It's not a grease that should be used in bearings or other extreme high heat situations. Being a marine grease, it is designed for exposure to all sorts of water (even high pressure saltwater spray) and corrosive salt solutions--nice in Wisconsin winters. It stays stable, adherent, and waterproof in extremely COLD temps. The slip yoke is does not get hot but does get very cold in winters and is exposed to all sorts of nasty elements even despite the boot which is why this grease is such a great tool for that job. Drum brakes can heat up, but the grease seems to hold-up fine in the drums (they likely never get hot enough to damage the grease), and it's metal adherence and resilience in the face of all sorts of nast is why I use it there as well.
By the way: dabbing a little on the threads of the parking brake adjuster is also a good idea.
I've recently begun researching the possibility of using it in steering joints. Still not sure if it's a good idea or worthwhile or not.
Anyone know if dccontrol is still making fan controllers? Love their work but customer service and website are abysmal. I don't want to submit an order on paypal for something that may take more than paypal's 30 complaint window to arrive from someone who doesn't communicate much if they're not actually in the business anymore.
I emailed them, but the lack of reply tells me nothing as they're notorious for having little to no communication with customers. I wish I could spite them for their terrible service, but the product is just too damned perfect.
In other news, my 225 SAT's will be going onto my mom's Tracker and I'll be riding on these 215 Wildcats until winter when I'll swap them for 235 Firestone Winterforces. I'd have liked Nokian Hakkas, but they're too hard to get for a sane price in the states. The bang for buck on the Firestones is just too good. Small chance of some Michelin Xi2's, General Altimax Arctics, or a VERY slim chance of Blizzaks. Next spring I'll buy some 3-season tires for my other 5-set of wheels--probably General Grabber HTS.
I don't live near snow (yet) so I've got a question, why not an all season tire?
Having driven in the snow with all-season tires I can say this:
All-season tires are tires that perform mediocre in all-seasons. They aren't really good at any one thing. In fact, I'm convinced that all-season tire designers believe there are only 3 seasons... summer, spring, and fall. Having all-terrains is a huge improvement over all-seasons in the snow, and winter tires such as the winterforce like mschi mentioned stick to the road like glue.
It's really not even about snow, my interweb friend. Anytime temps are at 45 deg F or below, a winter tire is the better, safer choice.
Nothing compares to a true winter tire in winter conditions. "All season" is a misleading name. M+S rating is a complete farce. The mountain/snowflake symbol is even quite flawed and misleads consumers. I know of very few tires that I'd truly trust to handle all 4 seasons well: Nokian WRG3 (or other WR's), Duratracs, and maybe Hercules AT2 off the top of my head.
Having 2 sets of tires costs nothing extra in the long run other than he price I a cheap set of wheels to mount the winters on. You'll still be spending the same $ per mile on rubber as before since one set gets 0 miles while the other is in service, and swapping them can be done in fall/spring when you should be rotating tires during an oil change anyway.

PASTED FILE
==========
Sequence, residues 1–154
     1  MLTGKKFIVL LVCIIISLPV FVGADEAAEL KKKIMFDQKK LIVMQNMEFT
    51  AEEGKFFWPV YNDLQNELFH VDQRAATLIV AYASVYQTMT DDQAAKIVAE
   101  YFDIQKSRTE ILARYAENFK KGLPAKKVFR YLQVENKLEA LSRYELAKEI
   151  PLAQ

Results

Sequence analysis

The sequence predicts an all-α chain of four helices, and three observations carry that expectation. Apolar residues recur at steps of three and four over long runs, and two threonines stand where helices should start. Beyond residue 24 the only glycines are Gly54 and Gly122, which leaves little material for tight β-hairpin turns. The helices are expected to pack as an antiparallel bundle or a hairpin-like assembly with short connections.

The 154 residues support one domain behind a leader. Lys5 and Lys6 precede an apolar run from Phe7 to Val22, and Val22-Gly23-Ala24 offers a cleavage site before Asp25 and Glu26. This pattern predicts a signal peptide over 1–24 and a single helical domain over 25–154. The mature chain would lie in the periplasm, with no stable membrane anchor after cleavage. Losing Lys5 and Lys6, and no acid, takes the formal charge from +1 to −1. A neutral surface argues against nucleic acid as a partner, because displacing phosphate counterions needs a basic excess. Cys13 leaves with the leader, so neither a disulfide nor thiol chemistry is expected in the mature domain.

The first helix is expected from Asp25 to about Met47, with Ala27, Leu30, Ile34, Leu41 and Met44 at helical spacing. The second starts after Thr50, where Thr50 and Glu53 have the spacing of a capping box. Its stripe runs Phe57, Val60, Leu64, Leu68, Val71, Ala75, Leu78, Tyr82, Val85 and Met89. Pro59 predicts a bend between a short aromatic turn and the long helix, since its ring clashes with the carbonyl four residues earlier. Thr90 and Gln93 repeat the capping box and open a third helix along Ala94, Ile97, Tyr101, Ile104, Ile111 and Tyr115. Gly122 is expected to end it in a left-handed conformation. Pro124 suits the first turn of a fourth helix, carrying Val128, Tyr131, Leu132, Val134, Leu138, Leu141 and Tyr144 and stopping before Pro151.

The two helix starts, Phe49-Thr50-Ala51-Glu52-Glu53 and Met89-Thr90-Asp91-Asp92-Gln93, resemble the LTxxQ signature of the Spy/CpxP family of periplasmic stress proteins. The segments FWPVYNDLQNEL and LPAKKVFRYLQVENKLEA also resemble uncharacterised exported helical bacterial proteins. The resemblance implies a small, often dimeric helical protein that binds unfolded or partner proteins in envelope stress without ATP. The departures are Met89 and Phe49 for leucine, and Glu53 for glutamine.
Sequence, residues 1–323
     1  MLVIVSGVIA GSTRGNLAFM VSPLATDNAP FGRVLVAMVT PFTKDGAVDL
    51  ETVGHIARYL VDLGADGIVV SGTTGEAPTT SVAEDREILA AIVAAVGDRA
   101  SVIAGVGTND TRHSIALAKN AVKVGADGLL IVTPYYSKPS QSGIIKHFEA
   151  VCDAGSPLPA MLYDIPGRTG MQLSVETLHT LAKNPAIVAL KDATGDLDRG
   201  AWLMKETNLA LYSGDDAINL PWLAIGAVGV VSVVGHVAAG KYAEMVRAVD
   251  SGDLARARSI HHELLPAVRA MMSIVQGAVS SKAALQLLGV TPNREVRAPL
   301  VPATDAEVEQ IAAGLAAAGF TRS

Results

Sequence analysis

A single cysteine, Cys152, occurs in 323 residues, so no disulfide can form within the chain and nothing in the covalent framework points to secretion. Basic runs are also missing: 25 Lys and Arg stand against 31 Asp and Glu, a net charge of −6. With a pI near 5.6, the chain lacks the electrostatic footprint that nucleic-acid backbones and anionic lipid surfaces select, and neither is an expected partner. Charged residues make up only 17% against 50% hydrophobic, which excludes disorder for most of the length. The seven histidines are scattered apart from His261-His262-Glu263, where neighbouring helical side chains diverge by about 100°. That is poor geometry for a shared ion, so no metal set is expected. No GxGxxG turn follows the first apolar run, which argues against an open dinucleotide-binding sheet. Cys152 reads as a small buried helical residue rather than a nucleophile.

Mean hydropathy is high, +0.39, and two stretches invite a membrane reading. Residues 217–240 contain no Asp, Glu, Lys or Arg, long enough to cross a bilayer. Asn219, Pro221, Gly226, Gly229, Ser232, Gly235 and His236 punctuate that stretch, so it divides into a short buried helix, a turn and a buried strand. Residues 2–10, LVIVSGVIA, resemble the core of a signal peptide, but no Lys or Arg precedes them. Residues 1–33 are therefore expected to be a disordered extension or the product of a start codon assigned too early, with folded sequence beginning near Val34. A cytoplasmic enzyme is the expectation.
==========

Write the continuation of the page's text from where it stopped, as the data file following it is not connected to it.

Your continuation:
Storage can be an issue for a small amount of people, and some people drive in 4 seasons but put so few miles on that tires will rot before their tread gets used up. If a tire has to be tossed due to rot when there's still treadlife left, that's wasted money IMO. In these cases, I'd advocate for a single set of Nokian WR or GY Duratracs or [whatever I'm not remembering right now].
Funny. I looked at that Jeep online a few weeks ago when the dealer had it listed as being a five speed. I was all set to drive down and check it out when I looked at the pictures one more time and realized it was an automatic. Nice to see it ended up in Racine.
I have cracks in my B-pillar. This has me thinking about frame stiffeners. Any advice? I can't weld, so I'll need to find someone to do the welding for me--I have a friend who somewhat recently finished schooling to be a welder, so maybe I'll enlist his help since I don't think he's found work yet anyway.
This thing was never wheeled yet the pillar is cracked this much? Should I stop driving it until this is fixed?
I have a crack in my B-pillar developing near the vent. This has me thinking about frame stiffeners. Any advice? I can't weld, so I'll need to find someone to do the welding for me--I have a friend who somewhat recently finished schooling to be a welder, so maybe I'll enlist his help since I don't think he's found work yet anyway.
HD offroad is the popular choice along with ruff stuff I believe
“The mountains are calling and I must go.” ― John Muir
I've already decided to go with HD Offroad. While my friend can weld, I'm not exactly sure how to prep the frame rails--all the paint and factory undercoat still there and me without any kind of power tools beyond an ancient drill. I'm also wondering just how worried I should be about these cracks. Should I just get it to a shop asap to have all this dealt with?
Good question... And I've never seen that. Is it getting worse?
I haven't had it long enough to know.
I've heard of it happening on XJ's but usually only from being wheeled. 2-doors are more vulnerable due to their weaker structure (1 less pillar) and a heavier door slamming the striker. Here is a pic from http://www.cherokeeforum.com/f67/fix...2-door-150327/ that I found during some research. Identical cracking.